Tragedy to triumph: Auburn student takes the stage after accident
Auburn University student Anne Nelson has a story of tragedy turned to triumph.
June 23, 2016, is the day Nelson was in a car crash that left her not being able to feel or move her legs. She had returned to her hometown of Madison, Alabama, after her first year at Auburn and was riding around with two hometown friends. She was in the back seat when the driver lost control of the car and smashed into a concrete culvert.
Nelson, a nursing major and now completed dance minor, knew immediately that something was wrong. Her spine was dislocated and fractured, and she had broken her right arm in two places. However, she was determined to walk and dance again.
Nelson called a meeting with Associate Theatre Professor Adrienne Wilson to discuss her returning to dance before the start of the spring 2017 semester. Wilson, who cast Nelson in a spring concert and taught her dance her freshman year, was curious if she would return to Auburn or to dance at all.
“Her amazing, beautiful spirit hadn’t changed at all,” said Wilson. “Most people would be in a different place. Not Anne.”
Together, Wilson and Nelson created dances and assignments that had never been done at Auburn.
With the help and encouragement of the Auburn Family, Nelson earned a solo show for the spring 2018 season. She worked hard with her professors and instructors to adapt choreography and learned a new style of dancing that involves the performer being suspended in the air on fabric lines called aerial silks. Senior Theater Lecturer Jeri Dickey is a certified instructor on the skill and, along with Wilson, played a role in giving Nelson opportunities to discover her unique dance journey.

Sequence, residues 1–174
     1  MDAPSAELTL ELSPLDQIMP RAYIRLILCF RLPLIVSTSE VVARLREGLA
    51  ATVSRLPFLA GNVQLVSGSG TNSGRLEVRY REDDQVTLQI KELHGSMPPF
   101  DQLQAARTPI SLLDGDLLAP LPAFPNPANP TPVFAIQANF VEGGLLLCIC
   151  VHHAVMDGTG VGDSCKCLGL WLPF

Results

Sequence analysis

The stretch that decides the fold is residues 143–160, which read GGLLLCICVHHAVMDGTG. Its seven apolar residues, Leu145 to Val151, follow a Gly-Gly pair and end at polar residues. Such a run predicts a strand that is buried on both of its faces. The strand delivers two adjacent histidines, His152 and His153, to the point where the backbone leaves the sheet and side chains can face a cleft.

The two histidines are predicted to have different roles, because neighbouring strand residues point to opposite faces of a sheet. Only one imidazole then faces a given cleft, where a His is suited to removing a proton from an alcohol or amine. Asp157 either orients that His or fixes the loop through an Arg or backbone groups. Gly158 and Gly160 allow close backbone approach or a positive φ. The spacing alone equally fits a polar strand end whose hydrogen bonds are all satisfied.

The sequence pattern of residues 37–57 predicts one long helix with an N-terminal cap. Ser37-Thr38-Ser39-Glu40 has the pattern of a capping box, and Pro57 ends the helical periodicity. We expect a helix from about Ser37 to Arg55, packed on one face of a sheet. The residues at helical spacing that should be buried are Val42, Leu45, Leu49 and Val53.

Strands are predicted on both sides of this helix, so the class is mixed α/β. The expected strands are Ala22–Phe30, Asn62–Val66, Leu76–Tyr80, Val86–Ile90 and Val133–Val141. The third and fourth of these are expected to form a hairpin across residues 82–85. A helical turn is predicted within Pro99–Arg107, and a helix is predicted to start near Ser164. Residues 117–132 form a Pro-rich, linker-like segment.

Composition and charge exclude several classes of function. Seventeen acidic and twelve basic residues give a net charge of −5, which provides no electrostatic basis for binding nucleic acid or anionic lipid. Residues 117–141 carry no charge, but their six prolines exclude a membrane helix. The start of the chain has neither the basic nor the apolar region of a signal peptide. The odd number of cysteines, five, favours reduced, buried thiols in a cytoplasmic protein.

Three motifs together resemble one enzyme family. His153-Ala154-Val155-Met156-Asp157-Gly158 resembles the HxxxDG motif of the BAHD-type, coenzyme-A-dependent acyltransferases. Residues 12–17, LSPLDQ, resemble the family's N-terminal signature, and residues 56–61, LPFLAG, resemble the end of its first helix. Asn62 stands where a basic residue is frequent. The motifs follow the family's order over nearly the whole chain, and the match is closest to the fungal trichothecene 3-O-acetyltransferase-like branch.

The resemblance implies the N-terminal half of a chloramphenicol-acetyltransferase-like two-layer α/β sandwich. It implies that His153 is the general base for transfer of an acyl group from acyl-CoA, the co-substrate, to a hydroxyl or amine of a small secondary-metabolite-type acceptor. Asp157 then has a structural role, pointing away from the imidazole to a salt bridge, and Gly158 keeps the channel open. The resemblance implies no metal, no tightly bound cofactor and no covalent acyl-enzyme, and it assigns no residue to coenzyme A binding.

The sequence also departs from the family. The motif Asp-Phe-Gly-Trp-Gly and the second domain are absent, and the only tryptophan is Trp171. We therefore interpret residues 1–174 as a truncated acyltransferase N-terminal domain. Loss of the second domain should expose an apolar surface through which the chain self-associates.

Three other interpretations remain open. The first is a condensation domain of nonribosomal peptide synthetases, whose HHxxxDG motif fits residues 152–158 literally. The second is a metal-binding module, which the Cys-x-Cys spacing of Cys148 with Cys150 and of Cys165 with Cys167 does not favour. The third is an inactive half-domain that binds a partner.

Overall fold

“The faculty at Auburn have been exceptionally encouraging to me in many of my endeavors here at Auburn and beyond,” said Nelson. “My dance teachers have encouraged me to participate and pursue styles of dance that are very challenging for me since my injury.”
Currently in Auburn’s nursing school, Nelson was inspired to pursue a job in the medical field from a young age.
“I was always fascinated with discovering, no matter what I was discovering,” said Nelson. “Once I took anatomy, I fell in love with a burning desire to learn and know everything I could about the human body.”
She has discovered that there are connections between her nursing major and dance minor.
“I see the most connections between the two when we learn about any type of musculoskeletal content,” said Nelson. “But, I also made some very interesting connections when we learned about the different electrolytes and their function in the body.”
She has also established that the problem-solving skills involved in dancing are in nursing as well and believes that it is one of the foundational skills in both fields.
Upon graduation in May 2021, Nelson would like to receive her nursing license, and possibly pursue the dance injury program at the Harkness Center at New York University. She would also potentially like to further her education in the medical field.
“My book is still open,” said Nelson. “I still continue to progress, so that to me says my pages remain blank.”
Media interested in this story can contact Communications Director Preston Sparks at (334) 844-9999 or firstname.lastname@example.org.
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